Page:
The Attorney General should be commended for his very wise initiative in proposing tougher amendments to the Motor Vehicle and Road Traffic Act, and the Intoxicating Liquor Licensing Act; and for recognizing how interconnected these two important legislative Acts are in controlling the current unbridled road carnage in Guyana. Bartenders should reserve the right to stop selling of liquor to intoxicated patrons, and if found culpable can face criminal charges.
Stiffer laws should certainly lower the horrendous carnage on the roads by impaired drivers, many of whom are alcoholics some of whom might have actually “bought” their driver’s license, with others continuing to do so, if this well-known unlawful and most backward practice still continues to plague Guyana. This legislation is way overdue as Guyanese have been slaughtered on the roads of Guyana, with a great percentage of these drivers being either drunk or under the influence of alcohol at the time of these permanent disfiguring and fatal crashes.
In addition to the proposed amendments to these Acts, the Attorney General should also consider the mandatory use of car ignition locking technology which automatically turns off the ignition and locks the steering wheel when the system detects the driver’s blood alcohol as being above the lawful limit thus preventing the impaired driver from driving. This system should be mandatory for all first offenders and the cost and installation of the car ignition locking device should be entirely borne and paid for by these inebriated offenders. ‘Causing Death by Dangerous Driving’ should be replaced to Vehicular Manslaughter: additionally, if such death occurs while the driver is under the influence then such charge should be modified to Criminal Negligent Homicide.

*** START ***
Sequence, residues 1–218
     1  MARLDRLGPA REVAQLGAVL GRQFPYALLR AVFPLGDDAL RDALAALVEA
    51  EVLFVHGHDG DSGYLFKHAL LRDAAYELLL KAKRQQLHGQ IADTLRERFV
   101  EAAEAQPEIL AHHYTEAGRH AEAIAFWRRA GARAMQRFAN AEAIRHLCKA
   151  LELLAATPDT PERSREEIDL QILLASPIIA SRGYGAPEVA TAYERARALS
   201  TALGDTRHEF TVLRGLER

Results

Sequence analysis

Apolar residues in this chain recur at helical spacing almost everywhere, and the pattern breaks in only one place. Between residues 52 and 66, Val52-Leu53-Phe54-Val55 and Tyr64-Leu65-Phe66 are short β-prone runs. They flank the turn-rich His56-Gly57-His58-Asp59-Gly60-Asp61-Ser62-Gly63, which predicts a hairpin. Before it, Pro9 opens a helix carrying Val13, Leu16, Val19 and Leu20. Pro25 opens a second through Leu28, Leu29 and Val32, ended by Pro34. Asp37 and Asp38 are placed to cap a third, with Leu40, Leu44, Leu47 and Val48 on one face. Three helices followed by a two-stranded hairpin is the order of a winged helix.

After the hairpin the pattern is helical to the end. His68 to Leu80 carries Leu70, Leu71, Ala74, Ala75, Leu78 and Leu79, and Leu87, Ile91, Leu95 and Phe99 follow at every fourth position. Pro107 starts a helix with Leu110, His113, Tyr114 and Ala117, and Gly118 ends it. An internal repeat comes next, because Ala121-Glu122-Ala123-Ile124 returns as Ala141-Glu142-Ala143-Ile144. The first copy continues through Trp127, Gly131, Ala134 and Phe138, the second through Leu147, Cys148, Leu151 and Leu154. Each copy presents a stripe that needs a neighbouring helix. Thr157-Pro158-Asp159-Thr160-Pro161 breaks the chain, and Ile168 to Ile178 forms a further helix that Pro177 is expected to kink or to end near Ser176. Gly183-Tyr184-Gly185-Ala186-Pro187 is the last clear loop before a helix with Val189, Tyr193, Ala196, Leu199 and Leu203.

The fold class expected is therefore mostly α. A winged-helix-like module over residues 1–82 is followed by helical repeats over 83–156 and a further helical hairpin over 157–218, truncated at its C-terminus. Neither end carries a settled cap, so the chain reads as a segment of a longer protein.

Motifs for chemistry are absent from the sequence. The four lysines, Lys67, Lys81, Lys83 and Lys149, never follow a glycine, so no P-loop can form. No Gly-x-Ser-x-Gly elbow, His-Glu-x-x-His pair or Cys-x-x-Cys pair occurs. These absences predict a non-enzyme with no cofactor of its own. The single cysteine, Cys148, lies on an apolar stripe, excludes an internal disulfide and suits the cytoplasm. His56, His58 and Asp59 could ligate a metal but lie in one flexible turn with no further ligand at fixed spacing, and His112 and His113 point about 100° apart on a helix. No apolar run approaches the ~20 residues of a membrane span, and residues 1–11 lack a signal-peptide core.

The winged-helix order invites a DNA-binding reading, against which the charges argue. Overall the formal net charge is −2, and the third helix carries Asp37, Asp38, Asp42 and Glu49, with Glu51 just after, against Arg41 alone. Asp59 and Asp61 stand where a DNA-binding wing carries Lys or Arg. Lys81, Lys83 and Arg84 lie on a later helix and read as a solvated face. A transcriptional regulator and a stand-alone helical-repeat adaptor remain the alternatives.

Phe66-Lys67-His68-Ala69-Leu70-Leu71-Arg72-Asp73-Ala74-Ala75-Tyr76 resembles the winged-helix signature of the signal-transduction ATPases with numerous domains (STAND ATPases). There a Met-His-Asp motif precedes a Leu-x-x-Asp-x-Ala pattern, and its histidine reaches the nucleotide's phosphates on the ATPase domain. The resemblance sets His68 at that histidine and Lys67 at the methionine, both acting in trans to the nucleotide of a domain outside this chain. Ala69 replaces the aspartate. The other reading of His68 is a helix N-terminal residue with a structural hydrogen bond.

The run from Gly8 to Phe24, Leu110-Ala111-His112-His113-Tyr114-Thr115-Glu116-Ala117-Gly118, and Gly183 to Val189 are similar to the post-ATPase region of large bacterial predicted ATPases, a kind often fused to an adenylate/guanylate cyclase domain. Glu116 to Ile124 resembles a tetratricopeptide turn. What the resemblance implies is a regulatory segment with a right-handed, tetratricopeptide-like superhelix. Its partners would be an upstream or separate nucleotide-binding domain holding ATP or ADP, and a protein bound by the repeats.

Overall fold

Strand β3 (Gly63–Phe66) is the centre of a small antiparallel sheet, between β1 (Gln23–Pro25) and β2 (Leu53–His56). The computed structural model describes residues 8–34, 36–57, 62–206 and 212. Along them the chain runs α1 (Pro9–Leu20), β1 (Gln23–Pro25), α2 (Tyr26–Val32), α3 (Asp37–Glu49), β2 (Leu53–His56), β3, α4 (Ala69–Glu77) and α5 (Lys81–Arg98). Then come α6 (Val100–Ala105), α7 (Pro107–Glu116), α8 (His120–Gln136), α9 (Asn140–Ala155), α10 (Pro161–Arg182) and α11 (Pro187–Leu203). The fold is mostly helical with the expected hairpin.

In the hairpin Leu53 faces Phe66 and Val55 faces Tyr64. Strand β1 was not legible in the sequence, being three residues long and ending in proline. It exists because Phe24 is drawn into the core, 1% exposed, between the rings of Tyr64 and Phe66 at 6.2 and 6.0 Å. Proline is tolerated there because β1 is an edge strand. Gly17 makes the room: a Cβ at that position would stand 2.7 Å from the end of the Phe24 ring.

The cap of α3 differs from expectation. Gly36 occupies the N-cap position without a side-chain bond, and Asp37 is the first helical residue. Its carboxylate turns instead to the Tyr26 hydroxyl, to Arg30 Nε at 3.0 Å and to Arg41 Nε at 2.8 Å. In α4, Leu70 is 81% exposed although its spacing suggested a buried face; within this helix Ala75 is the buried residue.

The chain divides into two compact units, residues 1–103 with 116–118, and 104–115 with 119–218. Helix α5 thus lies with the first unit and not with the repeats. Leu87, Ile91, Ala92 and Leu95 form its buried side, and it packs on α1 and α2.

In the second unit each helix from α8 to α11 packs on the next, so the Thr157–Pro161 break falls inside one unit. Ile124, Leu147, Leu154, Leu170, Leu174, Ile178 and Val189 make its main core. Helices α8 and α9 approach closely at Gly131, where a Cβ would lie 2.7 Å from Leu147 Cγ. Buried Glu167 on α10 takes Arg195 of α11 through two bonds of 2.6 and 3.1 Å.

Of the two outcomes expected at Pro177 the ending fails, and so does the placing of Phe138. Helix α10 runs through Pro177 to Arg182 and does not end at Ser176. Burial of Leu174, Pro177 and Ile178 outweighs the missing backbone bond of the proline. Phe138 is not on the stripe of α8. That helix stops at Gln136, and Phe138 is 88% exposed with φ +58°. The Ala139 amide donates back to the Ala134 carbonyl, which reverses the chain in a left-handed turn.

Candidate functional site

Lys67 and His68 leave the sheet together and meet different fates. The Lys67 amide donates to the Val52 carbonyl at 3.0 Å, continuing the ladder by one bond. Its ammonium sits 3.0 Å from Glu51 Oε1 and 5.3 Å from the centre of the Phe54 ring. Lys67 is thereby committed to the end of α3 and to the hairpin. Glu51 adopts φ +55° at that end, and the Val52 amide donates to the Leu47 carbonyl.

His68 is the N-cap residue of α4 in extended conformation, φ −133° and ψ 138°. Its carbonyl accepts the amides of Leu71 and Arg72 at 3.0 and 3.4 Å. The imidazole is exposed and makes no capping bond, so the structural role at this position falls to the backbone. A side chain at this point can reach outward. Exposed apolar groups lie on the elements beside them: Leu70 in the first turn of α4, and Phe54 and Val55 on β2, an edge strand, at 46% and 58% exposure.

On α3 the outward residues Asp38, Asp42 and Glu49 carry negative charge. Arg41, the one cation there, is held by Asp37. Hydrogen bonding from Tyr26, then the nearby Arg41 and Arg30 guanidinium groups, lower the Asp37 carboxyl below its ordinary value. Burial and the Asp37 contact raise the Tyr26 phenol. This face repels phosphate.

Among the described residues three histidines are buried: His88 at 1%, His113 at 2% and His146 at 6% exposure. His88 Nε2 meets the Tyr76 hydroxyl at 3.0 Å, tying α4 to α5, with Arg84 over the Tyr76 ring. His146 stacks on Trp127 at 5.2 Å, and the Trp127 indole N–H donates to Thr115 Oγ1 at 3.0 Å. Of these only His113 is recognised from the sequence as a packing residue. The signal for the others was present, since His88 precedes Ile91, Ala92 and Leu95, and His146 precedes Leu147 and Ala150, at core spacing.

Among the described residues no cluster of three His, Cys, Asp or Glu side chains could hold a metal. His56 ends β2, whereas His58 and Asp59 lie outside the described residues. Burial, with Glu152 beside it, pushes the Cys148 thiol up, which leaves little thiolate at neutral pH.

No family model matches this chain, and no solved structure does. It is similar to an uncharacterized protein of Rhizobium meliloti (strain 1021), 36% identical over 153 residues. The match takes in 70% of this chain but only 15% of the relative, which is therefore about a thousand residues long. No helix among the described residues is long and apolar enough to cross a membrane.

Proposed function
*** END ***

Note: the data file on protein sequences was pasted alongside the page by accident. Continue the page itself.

Another area that cries out for modern regulations is the Real Estate sector. This is a twofold issue: the practice of real estate brokers regarding disclosure to clients, safekeeping of purchase deposits in escrow accounts, representation of real property use and zoning etc. The actual Laws of Guyana regarding real estate (land, waterways, properties, and deeds) need to be upgraded to present day standards – the Deeds Registry is a sore point. It is irrefutable that a vast array of procedures are ambiguous and therefore subjected to several interpretations, as opposed to clear cut provisions notwithstanding, a huge preponderance of cases, ultimately reach the pinnacle jurisprudence in the Apex Caribbean Court of Justice in Trinidad. Properties are sold without the owner’s knowledge or consent while land titles are transferred in clandestine – yet legal—procedures as laws are shrouded in ambivalence and ambiguity and many times are unable to provide for true justice. Properties under litigation have stymied economic growth. With modern efficient Laws, coupled with rational sentencing the society will save billions wasted on litigation.
By Leyland Chitlall Roopnaraine, Real Estate Broker